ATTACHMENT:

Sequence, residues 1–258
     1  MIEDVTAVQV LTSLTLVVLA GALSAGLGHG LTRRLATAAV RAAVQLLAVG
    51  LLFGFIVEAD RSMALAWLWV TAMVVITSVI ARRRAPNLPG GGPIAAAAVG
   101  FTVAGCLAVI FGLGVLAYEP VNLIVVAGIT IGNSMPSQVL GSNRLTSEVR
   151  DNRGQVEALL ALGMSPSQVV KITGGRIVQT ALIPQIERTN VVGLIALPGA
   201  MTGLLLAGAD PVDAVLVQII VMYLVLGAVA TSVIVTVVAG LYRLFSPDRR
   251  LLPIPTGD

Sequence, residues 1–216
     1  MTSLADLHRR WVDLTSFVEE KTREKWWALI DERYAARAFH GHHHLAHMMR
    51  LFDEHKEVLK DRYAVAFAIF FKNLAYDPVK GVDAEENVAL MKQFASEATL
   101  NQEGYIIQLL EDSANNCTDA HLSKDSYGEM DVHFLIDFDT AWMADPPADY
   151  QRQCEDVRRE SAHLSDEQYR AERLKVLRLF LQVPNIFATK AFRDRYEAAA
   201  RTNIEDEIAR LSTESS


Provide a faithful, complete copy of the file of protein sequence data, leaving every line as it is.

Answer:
Sequence, residues 1–258
     1  MIEDVTAVQV LTSLTLVVLA GALSAGLGHG LTRRLATAAV RAAVQLLAVG
    51  LLFGFIVEAD RSMALAWLWV TAMVVITSVI ARRRAPNLPG GGPIAAAAVG
   101  FTVAGCLAVI FGLGVLAYEP VNLIVVAGIT IGNSMPSQVL GSNRLTSEVR
   151  DNRGQVEALL ALGMSPSQVV KITGGRIVQT ALIPQIERTN VVGLIALPGA
   201  MTGLLLAGAD PVDAVLVQII VMYLVLGAVA TSVIVTVVAG LYRLFSPDRR
   251  LLPIPTGD

Sequence, residues 1–216
     1  MTSLADLHRR WVDLTSFVEE KTREKWWALI DERYAARAFH GHHHLAHMMR
    51  LFDEHKEVLK DRYAVAFAIF FKNLAYDPVK GVDAEENVAL MKQFASEATL
   101  NQEGYIIQLL EDSANNCTDA HLSKDSYGEM DVHFLIDFDT AWMADPPADY
   151  QRQCEDVRRE SAHLSDEQYR AERLKVLRLF LQVPNIFATK AFRDRYEAAA
   201  RTNIEDEIAR LSTESS